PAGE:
On poverty alleviation we have put in a lot of resources over the past few years. Spending on social welfare has surged by over 86% in the past six years, with a range of initiatives on social security pioneered by the Commission on Poverty, which I chaired during my time as the Chief Secretary for Administration, for some four years. And since I assumed the position of the Chief Executive, we have continued to find ways to improve those initiatives. One example is enhancements to the Working Family Allowance introduced earlier this year, with a view to benefiting more families and encouraging self-reliance. Dr CK Law, our Secretary for Labour & Welfare, will have more to say on this in his plenary session later this morning.
On promoting well-being for all at all ages, we set up earlier this year a Commission on Children chaired by the Chief Secretary for Administration, which is an ongoing, action-oriented, responsive and high-level body that will drive the work for the benefit of children through policy formulation as well as co-ordination. Among its work priorities would be children with special education needs. In this connection, I have already announced in my Policy Address last year that we would regularise a pilot scheme which provides on-site pre-school rehabilitation services to children with special needs, and set aside funding to increase the service places with a view to achieving the policy objective of zero-waiting time, thereby alleviating the pressure on their families.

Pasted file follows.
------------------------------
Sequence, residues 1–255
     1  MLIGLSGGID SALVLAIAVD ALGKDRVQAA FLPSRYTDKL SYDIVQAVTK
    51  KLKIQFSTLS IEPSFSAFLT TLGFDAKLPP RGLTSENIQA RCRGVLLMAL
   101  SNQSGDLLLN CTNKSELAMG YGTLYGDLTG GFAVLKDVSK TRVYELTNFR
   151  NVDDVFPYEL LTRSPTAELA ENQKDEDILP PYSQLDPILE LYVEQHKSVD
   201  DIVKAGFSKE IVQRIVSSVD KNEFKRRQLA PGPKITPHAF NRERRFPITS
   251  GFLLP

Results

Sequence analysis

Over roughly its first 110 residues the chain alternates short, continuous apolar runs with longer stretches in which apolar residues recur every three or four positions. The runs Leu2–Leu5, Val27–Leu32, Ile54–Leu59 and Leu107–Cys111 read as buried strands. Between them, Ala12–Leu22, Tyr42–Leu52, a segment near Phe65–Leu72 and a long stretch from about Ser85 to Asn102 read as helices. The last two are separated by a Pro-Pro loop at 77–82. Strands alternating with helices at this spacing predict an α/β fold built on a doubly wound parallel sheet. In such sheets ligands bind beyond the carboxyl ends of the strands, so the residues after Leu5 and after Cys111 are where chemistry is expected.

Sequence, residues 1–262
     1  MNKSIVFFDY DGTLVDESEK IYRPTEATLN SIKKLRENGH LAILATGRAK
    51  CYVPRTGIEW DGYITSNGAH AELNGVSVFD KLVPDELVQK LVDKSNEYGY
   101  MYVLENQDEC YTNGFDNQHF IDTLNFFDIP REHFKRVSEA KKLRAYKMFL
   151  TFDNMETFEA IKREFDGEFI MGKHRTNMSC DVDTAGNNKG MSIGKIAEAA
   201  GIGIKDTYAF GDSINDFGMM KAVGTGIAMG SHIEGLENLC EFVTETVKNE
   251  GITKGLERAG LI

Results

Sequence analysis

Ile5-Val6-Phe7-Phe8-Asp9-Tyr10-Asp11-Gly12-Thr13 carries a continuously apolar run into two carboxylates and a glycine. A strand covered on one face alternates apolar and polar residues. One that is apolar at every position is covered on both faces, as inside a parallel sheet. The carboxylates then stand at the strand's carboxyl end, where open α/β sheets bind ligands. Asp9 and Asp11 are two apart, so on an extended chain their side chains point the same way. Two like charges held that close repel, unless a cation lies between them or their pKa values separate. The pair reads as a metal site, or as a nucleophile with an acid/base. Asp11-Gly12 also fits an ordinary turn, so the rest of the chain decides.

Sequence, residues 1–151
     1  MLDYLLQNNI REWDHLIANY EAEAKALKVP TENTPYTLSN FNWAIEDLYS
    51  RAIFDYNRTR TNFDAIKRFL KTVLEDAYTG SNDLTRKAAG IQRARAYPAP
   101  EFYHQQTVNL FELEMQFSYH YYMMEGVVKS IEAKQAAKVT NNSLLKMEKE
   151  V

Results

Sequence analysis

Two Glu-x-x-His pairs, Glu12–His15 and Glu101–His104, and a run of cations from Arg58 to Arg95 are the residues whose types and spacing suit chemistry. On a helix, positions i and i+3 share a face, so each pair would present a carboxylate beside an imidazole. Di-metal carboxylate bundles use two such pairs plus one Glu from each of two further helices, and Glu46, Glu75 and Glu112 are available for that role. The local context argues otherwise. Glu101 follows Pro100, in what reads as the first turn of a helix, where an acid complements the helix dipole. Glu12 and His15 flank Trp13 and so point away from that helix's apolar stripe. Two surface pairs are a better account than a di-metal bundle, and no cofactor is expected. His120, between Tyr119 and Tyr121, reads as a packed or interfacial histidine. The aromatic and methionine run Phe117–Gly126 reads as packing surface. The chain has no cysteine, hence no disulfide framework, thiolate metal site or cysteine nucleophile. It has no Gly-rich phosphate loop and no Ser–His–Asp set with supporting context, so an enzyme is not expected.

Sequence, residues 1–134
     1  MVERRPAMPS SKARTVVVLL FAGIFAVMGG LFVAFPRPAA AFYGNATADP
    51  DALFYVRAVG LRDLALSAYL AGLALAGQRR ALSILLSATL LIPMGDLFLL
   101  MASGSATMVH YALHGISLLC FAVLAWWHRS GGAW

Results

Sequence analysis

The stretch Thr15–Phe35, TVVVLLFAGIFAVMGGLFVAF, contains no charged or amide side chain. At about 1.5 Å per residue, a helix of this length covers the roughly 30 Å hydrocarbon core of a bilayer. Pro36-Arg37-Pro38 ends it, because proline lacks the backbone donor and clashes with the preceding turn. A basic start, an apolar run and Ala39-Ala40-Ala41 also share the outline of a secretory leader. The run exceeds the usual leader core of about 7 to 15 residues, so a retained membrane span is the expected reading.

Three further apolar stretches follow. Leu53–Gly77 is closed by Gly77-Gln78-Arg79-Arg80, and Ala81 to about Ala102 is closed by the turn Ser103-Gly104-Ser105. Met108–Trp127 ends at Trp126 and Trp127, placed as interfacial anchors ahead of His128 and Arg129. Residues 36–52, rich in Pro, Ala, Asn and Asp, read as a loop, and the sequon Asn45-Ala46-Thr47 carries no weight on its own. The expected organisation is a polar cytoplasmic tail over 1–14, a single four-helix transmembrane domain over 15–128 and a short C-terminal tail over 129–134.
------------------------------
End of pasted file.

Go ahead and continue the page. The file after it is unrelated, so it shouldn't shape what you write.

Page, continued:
At the same time, we will help families take care of their older members – an issue that will become more acute and challenging in the years to come because our elderly population is projected to increase markedly from 1.16 million in 2016 to more than double that by 2036.
Last June, our Elderly Commission formulated its Elderly Services Programme Plan to help promote a sense of belonging, of security and worthiness, in our older generation. In my Policy Address last year, I announced a series of initiatives to enhance our community care and support services, including the provision of additional vouchers to support ageing in place for the elderly with moderate or severe impairment, while enhancing dementia care and support at the community level. Dr CC Lam, Chairperson of the Elderly Commission, will no doubt talk more about that in his plenary session on Wednesday afternoon.